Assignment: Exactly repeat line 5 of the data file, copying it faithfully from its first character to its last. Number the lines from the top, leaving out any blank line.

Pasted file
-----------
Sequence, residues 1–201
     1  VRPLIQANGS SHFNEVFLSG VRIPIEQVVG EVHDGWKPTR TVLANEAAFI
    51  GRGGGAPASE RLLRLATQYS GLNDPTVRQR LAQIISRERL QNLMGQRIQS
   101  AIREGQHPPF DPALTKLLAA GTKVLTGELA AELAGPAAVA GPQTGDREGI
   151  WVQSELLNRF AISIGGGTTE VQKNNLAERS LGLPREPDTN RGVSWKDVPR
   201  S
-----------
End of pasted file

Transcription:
   151  WVQSELLNRF AISIGGGTTE VQKNNLAERS LGLPREPDTN RGVSWKDVPR